Professionals in the event industry are frequently under an overwhelming amount of stress, trying to ensure the big day or weekend runs smoothly and according to plan. Unfortunately, stress can have serious ramifications on our quality of sleep, and in turn, the state of our mental and physical health. So, what is an event professional, a career that was voted the fifth most stressful occupation of 2016, supposed to do in order to salvage their sleep? As somebody who takes the time to ensure the people around them are accommodated and taken care of, it’s important to practice self-care and redirect some of that time to making sure you’re happy and healthy.
Benefits of a Nighttime Routine
According to the Division of Sleep Medicine at Harvard Medical School, participants who slept 4 ½ hours a night during a study by the University of Pennsylvania reported feeling stressed, angry, sad, and mentally drained throughout the day. When they got back in the habit of receiving a full night’s sleep, however, their mood significantly improved. That’s why taking an hour or an hour and a half before bed to unwind and de-stress after a long day on the clock can seriously improve your quality of rest and your general well-being.
When work-related anxiety messes with your headspace before bed, it prevents you from getting your proper rest, which then perpetuates your anxiety even farther. Avoid that vicious cycle and consider practicing these effective nighttime activities which help induce sleepiness and relieve anxiety.
Brew A Pot Of Herbal Tea
Not only is tea a delicious and comforting way to get your daily dose of caffeine, but it also has the ability to relax the muscles, ease anxiety, and even make you feel sleepy — like chamomile tea in particular. The tea has been used as a sleep-aid for thousands of years, but event professionals in particular can benefit from its stress relieving and irritability reducing properties.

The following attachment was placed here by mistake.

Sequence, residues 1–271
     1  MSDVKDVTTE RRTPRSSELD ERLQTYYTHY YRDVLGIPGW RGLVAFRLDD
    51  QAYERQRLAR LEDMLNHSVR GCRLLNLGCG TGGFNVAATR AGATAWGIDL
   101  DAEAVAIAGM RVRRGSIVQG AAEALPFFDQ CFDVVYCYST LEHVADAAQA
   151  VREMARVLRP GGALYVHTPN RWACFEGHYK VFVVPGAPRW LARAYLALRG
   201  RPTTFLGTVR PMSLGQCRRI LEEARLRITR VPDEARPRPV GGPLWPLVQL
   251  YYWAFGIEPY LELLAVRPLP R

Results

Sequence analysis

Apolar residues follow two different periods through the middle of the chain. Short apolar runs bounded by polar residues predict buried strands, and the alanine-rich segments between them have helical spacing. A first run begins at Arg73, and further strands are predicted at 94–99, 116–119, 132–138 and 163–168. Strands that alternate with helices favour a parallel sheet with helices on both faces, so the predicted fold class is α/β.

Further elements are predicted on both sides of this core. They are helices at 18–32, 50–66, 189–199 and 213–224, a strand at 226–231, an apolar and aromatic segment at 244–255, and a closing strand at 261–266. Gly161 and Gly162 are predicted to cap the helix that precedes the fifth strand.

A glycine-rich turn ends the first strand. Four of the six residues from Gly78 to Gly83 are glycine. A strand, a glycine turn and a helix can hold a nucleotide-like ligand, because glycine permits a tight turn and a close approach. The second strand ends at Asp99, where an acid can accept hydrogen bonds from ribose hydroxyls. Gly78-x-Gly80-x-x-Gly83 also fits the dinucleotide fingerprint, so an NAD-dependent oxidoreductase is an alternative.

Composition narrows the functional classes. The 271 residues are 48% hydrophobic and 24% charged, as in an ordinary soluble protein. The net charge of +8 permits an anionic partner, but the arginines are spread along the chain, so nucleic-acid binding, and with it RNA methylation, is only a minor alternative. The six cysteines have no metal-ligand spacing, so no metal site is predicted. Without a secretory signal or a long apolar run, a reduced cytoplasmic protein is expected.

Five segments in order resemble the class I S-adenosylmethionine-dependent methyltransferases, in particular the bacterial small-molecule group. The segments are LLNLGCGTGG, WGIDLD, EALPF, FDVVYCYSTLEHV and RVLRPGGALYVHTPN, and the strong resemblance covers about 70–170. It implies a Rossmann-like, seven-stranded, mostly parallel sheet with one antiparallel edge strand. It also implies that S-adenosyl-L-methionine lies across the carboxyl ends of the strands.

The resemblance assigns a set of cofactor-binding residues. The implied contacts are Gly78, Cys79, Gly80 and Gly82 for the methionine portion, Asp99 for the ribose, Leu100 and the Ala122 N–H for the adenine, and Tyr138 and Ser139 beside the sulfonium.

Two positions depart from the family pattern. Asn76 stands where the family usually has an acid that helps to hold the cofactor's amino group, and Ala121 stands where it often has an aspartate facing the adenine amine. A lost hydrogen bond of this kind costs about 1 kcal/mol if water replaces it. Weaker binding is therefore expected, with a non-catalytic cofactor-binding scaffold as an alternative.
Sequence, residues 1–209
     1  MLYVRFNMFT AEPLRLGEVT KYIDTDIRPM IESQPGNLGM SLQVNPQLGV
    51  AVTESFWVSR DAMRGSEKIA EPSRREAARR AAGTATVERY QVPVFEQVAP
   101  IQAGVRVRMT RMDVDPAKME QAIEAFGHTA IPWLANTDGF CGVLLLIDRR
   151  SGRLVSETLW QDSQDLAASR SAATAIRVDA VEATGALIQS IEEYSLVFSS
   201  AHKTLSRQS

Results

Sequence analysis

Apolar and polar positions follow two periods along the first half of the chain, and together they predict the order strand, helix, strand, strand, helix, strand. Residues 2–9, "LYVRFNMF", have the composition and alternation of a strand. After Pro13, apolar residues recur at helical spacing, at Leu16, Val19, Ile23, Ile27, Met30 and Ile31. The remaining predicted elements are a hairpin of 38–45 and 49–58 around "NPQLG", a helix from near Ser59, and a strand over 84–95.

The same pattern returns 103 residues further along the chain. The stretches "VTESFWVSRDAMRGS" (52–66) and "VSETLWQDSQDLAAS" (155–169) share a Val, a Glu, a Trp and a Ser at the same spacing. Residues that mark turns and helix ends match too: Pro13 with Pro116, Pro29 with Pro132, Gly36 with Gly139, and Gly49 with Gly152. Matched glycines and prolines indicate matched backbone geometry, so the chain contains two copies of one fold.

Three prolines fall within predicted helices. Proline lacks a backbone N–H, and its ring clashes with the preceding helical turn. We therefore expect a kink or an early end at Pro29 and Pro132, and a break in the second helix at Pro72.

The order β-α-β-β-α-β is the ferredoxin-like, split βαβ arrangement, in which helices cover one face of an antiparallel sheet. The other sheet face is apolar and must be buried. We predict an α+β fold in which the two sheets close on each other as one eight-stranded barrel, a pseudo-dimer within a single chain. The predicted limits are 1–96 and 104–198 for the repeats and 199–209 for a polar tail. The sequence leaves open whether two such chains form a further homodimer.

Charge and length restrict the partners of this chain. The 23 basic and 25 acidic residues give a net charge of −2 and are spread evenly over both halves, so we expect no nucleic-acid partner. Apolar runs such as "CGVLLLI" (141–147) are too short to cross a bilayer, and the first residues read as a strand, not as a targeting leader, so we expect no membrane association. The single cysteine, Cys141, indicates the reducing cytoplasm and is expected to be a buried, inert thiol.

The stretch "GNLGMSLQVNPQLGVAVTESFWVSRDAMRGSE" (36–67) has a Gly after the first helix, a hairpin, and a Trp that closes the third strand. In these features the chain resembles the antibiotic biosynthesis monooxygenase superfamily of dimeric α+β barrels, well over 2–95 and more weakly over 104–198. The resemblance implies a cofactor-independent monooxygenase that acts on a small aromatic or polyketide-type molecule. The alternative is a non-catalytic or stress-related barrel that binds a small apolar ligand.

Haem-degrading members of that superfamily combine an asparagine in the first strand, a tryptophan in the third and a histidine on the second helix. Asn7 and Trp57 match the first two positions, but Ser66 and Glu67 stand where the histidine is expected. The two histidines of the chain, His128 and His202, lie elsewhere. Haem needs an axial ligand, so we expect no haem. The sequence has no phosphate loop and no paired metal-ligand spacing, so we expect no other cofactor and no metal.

Ensure Your Bedroom Is Set Up For Sleep
Your bedroom should be dedicated to two things and two things only; sex and sleep. Everything else, especially anything work-related, should be done elsewhere in the home. That way, when you eventually retire to bed at the end of the night, you’re automatically alerting your brain that it’s time for sleep.
Furthermore, your bedroom should be the epitome of a sleep haven. Furnish it with things like cozy rugs, dimmable mood lighting, an essential oil diffuser, but most importantly — a comfortable mattress. Your bed should be perfectly accommodating and fit your specific needs, or else it could be one of the contributors to your poor sleep.
Like for event professionals, for example, whose job requires a lot of time on their feet, might suffer from lower back pain and benefit from a firmer mattress. The best medium-firm mattress is one with a pillow-top so it’s nice and supportive, yet plush enough to provide pressure relief.
Keep Away From Electronics
During the day, electronics are incredibly helpful in keeping you organized and on-track with your day-to-day work responsibilities. At nighttime, on the other hand, electronics are definitely not your friend.
Our bodies are equipped with an internal alarm clock, otherwise known as our circadian rhythm, and it’s heavily influenced by light and darkness. As such, the blue light that illuminates from electronic device screens like your phone or laptop can throw off your circadian rhythm and delay the release of melatonin. This makes it harder for your body to recognize that it’s time to start winding down for bed.
Not only does the light from electronics affect your quality of sleep, but so does the constant buzzing from texts, work calls, emails, etc. When your phone is turned on near your nightstand, your brain can stay alert for longer than it should, waiting for another notification to check. Accordingly, to avoid device-related sleep disturbances, stay away from electronics an hour to an hour and a half before bed to give your brain a chance to unplug and unwind.
Read A Book
Before bedtime, you can trade your planner for a good book because reading is one of the best ways to distract your brain from work-related stresses and prepare your mind for a full night’s rest. In fact, just six minutes of reading day can reduce stress levels by 68%.
Practice Meditation And Yoga
Meditation and meditative movements like yoga are known to help reduce stress, and they teach you how to cope with your anxieties so they don’t overwhelm you to the point where it’s affecting your mental health. Yoga is a popular daytime practice, but doing so at night can be real beneficial for your stress levels and not to mention your muscles, which will get a good stretch after a long day on the job.
About the Author:
Co-Founder & COO at The Slumber Yard